The solution is obvious: track your time.

My favorite time tracking tool is the Timing app for macOS users, which runs in the background and “sees” how I’m working. (RescueTime performs a similar function for Windows users.) These programs cost up to $10 per month (tax-deductible in Australia here), and allow you to capture time spent using the computer and away from the keyboard. for example, in meetings.

Portrait of inger mewburn

Inger Mewburn uses software to track the time she spends on tasks at work.Credit: Boring Headshots (

The Timing application can be trained to categorize your timings based on the type of program you are using and the keywords within a document. A dashboard summarizes how you spend your time and the rhythms of your work, and you can decide what is “productive” time at the keyboard to create a score. You might rate social networking sites, for example, as a poor use of time compared to the time spent using Microsoft Word. I can add notes to these time logs; this is important because tasks such as writing can change depending on the context; Writing a journal article takes more time than writing an email, and it’s important to know the difference in order to plan accordingly.

Looking at your productivity score can help you stay true to your goals and organize your days. My analysis tells me that I’m most productive before lunch, so I make sure to schedule challenging tasks in the morning. You can also create reports to report on your planning processes and share them with your colleagues.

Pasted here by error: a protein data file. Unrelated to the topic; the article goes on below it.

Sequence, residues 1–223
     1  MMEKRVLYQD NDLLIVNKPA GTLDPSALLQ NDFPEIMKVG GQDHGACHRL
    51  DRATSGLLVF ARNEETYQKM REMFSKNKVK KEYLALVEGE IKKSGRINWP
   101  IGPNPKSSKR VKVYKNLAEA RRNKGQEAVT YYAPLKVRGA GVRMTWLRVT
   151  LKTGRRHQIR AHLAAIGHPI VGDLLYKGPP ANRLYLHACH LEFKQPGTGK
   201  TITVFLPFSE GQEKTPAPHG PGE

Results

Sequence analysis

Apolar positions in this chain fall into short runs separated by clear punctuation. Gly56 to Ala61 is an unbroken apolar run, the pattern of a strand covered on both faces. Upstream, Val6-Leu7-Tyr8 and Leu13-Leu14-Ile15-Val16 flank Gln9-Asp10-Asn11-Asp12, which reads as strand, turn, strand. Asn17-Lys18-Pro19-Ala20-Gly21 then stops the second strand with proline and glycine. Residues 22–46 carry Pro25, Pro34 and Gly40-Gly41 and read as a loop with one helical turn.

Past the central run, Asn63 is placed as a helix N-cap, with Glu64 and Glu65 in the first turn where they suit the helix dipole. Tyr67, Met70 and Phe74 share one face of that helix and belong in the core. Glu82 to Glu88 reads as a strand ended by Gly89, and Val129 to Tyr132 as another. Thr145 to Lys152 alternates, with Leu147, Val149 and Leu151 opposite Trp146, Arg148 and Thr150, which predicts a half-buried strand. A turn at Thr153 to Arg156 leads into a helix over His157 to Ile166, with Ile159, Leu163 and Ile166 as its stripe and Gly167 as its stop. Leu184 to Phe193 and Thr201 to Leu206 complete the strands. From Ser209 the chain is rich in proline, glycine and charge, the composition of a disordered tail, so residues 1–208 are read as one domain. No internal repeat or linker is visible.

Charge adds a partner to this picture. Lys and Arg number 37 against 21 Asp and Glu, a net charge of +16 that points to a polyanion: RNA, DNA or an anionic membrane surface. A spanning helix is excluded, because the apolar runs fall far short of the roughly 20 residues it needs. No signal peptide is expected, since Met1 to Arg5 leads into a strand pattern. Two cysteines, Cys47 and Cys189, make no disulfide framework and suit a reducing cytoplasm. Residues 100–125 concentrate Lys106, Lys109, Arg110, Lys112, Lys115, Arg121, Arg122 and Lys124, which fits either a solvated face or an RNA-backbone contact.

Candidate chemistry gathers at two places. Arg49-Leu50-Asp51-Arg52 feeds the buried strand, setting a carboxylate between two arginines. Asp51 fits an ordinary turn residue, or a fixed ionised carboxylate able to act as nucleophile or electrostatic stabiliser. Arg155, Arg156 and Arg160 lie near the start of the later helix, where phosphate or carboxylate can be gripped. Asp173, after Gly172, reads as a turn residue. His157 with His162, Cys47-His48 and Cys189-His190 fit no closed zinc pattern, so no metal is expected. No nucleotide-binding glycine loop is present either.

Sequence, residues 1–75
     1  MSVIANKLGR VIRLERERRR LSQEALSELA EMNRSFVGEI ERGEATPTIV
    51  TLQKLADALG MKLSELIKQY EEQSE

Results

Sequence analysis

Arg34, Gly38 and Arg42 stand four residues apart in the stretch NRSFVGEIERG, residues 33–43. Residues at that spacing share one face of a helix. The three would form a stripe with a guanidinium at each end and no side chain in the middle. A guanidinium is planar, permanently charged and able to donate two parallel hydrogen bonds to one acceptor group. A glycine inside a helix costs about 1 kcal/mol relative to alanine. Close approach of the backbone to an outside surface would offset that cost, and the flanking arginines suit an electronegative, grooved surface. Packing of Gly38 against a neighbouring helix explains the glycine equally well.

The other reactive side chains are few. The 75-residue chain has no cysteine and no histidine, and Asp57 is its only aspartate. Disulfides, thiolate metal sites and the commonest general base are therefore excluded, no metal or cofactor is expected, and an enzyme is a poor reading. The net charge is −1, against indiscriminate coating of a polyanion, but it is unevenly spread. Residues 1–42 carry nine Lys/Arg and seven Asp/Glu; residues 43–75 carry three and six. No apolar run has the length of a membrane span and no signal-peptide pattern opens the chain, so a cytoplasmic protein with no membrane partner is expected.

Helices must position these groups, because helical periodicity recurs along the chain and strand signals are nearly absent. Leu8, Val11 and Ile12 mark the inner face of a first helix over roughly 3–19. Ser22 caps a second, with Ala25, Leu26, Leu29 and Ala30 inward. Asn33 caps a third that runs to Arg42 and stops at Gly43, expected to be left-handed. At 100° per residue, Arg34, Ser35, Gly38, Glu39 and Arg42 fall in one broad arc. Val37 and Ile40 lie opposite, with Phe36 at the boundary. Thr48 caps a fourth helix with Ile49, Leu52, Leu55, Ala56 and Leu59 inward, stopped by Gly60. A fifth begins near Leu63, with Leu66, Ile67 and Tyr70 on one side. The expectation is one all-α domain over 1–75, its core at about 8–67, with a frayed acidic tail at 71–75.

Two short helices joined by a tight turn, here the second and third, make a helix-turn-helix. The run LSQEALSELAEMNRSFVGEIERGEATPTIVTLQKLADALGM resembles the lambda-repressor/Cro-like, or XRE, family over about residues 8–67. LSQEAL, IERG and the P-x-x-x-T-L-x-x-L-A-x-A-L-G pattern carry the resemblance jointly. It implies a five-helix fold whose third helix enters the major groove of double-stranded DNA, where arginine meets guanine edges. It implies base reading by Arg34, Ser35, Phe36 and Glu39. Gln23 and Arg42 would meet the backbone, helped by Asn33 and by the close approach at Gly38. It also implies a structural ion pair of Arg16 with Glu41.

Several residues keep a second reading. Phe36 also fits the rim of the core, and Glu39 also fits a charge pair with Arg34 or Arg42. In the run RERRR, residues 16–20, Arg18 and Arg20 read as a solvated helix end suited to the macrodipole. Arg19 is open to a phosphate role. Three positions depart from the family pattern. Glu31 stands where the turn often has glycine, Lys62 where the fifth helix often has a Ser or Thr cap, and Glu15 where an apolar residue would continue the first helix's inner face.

My typical work week is just over 44 hours. About half of that time is spent teaching, the rest split between service work, research, passion projects, and FAT (my fancy term for invisible work – no prizes for figuring out what FAT is, but you can find it here. my blog). Passionate work is the work I do for myself. I don’t believe in paying my employer overtime, so I make sure that all my university duties fit into the 37.5 hours per week stated in my contract. I also like to record podcasts and write articles like this, which are not part of my job. When I left when a previous employer made noise about wanting to take my blog name and content, my Timing data helped show that I owned the intellectual property. I went with my ‘Thesis Whisperer‘ baby in my arms, but the experience made me realize that my career is more than the job I have at any given time and that I need to protect my assets.